An incredible amount of scholarship has been dedicated to reconstructing the historicity of biblical stories and the course of their composition. Yet, for the ancients, the stories themselves were the important part—not so much its author. Their understandable disregard for modern standards of authorship means that the age of the Bible cannot be deduced from the anthology itself; independent verification is necessary. And for that, we have archaeology.
So Just How old is the Bible?
Tradition says the first five books, known as the “Pentateuch,” were written in the last half of the second millenium BCE, but this is unlikely. The dates 1445 - 4004 BCE have often been suggested, yet there remains little evidence that anything was written or compiled before the first millenium BCE. Archaeological finds strongly suggest none of the biblical writings are older than 3,000 years. The earliest ones have been dated at roughly 2,800 to 2,500 years old.
The authors of the Bible described the drama of the Bronze Age according to the legends that were available to them in the subsequent Iron Age. This makes it extremely difficult to separate old testament fact from myth. Moreover, in a text that describes unicorns and evil rooster-serpents in one book and delineates careful genealogies in the next, archaeologists must tread lightly.
The first evidence appears in the Iron Age, when the Hebrews had finally established a sedentary society with centralized leadership, and had the means to start writing what had always been an oral tradition. The earliest writings of the Old Testament probably emerged over the course of the 9th through 6th centuries BCE, during the time of the kingdoms of Judah and Israel.
However, the Kingdom’s casual mid-millenium record-keeping was rudely interrupted in 586 BCE, when Nebuchadnezzar II mucked up their first Temple in Jerusalem and sent the Hebrews packing. Yet, the pause would be brief; a frenzy of compilation took off during the Babylonian exile.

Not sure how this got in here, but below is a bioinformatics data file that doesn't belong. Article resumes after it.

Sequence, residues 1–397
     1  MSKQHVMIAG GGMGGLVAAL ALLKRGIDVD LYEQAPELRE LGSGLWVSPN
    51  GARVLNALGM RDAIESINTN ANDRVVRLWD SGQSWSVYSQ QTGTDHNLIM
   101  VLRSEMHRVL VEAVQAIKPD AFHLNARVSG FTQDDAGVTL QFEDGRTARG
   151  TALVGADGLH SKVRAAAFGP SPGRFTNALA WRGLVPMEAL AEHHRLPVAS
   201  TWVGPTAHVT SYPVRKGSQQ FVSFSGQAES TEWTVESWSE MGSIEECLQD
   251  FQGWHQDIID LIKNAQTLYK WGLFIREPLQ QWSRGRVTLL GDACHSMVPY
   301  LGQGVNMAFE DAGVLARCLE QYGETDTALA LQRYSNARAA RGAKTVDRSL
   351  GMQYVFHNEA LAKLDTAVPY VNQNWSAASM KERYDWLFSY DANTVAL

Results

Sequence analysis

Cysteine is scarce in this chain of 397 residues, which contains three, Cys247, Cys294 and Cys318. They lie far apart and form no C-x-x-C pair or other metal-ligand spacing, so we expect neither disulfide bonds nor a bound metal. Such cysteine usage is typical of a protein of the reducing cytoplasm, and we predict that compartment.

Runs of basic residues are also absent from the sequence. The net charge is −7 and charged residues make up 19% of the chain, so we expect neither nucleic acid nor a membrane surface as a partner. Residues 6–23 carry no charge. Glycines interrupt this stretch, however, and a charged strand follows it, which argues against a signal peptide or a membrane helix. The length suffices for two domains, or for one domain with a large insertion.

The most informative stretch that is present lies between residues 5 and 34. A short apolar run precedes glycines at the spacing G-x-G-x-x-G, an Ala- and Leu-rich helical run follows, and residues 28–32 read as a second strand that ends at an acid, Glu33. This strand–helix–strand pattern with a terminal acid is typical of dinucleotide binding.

From Temple People to Book People
The Babylonian exile was when the project became really serious. It wasn’t just about telling cliffhangers anymore. In the traumatic aftermath that was the destruction of Solomon’s revered temple, community leaders had a wake-up call. What would become of them if the foundation of their existence, the very temple in which their god lived, could be wiped out without a trace?
Fear must have driven the exiled scribes that wrote following Babylon’s flattening of the Ark of the Convenant. By the time the Romans had moved through and burned Jerusalem along with the Second Temple in 70 CE, it was clear the Hebrews could no longer afford to be a “temple people.”
Record-keeping thus began in earnest: the Word of God would take the place of the Temple. The written text, preserved for posterity, would ensure their survival in a world where mere buildings could be smashed by imperialist bullies at any moment.
Bonus Facts To Arouse Your Curiosity
Did Moses Write the Pentateuch?Like other sections of the Old Testament, the Pentateuch was composed over the course of many centuries. It reflects the perspective of multiple authors with many different agendas—despite the myth that Moses himself wrote it all after God passed it on atop Mt. Sinai.
The Oldest Book in the Bible
The true oldest book in the Bible, and maybe in the world, is the Book of Job, a lyrical poem compiled sometime between the 6th and 4th century BCE. Although the Book of Job we know today seems like it could have been authored by just one person, it too is based on multiple independent sources that were skillfully edited and blended into a unified narrative.
The oldest known physical piece of the Bible is a fragment of Samuel dated to the 3rd century BCE. It was recovered from amongst the Dead Sea Scrolls, widely considered the richest archaeological source corroborating the cultural goings-on of early Judaism. The Dead Sea Scrolls are now publicly available online after being hoarded by academics for over 60 years.
Not the Only Bible
The origins of the Bible are rooted in the Axial Age, during which today’s major world religions first bloomed—including monotheism in Canaan and Persia, Confucianism and Taoism in China, and Buddhism and Hinduism in India. The development of the Hebraic Bible parallels that of the Hindu Upanishads, the Tao te Ching, Egypt’s Book of the Dead, the Confucian canon in the Far East, and many more foundational religious texts still treasured in the modern era.